Not all waxes have the same melting points and burn times. The flames derived from each candle wax differ. This, in turn, affects the heat produced from the candle flame.
When you compare the melting points of paraffin wax and soy wax, paraffin wax has a higher melting point than soy wax because of its defined crystal structure.
Soy wax is easier to burn due to its lower melting point. Besides, it lasts longer than paraffin wax.
If you want to heat a room, you would want a candle that burns longer and lights up easier at colder temperatures.
We randomly came across a few scientific journals that discussed the potential of beeswax and paraffin as heat energy storage in incubators.
The result was that beeswax was more effective as a heat energy storage material than paraffin due to its higher latent heat capacity.
Overall, if you are using beeswax candles, the heat produced will be more even while using a lesser number of candles.
Soy wax candles are easier to use as they are quicker to burn in colder temperatures. So, they are more practical if you are using candles to heat the room.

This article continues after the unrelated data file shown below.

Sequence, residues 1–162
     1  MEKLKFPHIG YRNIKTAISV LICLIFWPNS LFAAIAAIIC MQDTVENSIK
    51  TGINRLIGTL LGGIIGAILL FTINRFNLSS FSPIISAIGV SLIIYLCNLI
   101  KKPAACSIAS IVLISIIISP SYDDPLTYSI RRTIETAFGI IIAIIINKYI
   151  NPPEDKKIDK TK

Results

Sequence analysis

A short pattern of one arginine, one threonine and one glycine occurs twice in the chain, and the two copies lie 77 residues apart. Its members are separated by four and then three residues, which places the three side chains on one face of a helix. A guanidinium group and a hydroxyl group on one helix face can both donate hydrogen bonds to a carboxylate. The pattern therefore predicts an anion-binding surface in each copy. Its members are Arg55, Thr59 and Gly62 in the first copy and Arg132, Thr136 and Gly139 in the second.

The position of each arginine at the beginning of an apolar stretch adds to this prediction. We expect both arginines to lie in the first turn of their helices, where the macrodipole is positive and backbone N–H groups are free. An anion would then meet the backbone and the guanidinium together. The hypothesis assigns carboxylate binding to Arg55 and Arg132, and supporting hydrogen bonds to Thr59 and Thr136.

Although candles produce heat while burning.
The heat from a candle flame is not enough to heat an entire room. You would need almost a hundred candles to heat an average room.
Suppose if you burn multiple candles in a room, they would release carbon monoxide as they burn. If the room is not properly ventilated, it would lead to carbon monoxide poisoning and heavy soot deposits.
Besides, think about the fire hazards lighting a hundred candles poses. This is highly impractical.
Even if you fashion a candle heater arrangement, you must consider factors such as ventilation, insulation, etc.,
You would also have to keep checking if the candle flame is on or extinguished. You have to keep relighting the candles.
Our verdict is, if it’s an emergency and there is no power source on a particularly cold day, candles would save your day.
Otherwise, candles are not a viable solution to heat a room. Instead, use a space heater or a propane heater.
My name is Candice and I have always loved candles since I was a kid. I continue to buy candles and try out new candle brands to this day! I started this blog to share my love of candles so I’m glad you’re here and hope that my content helps you out in some way!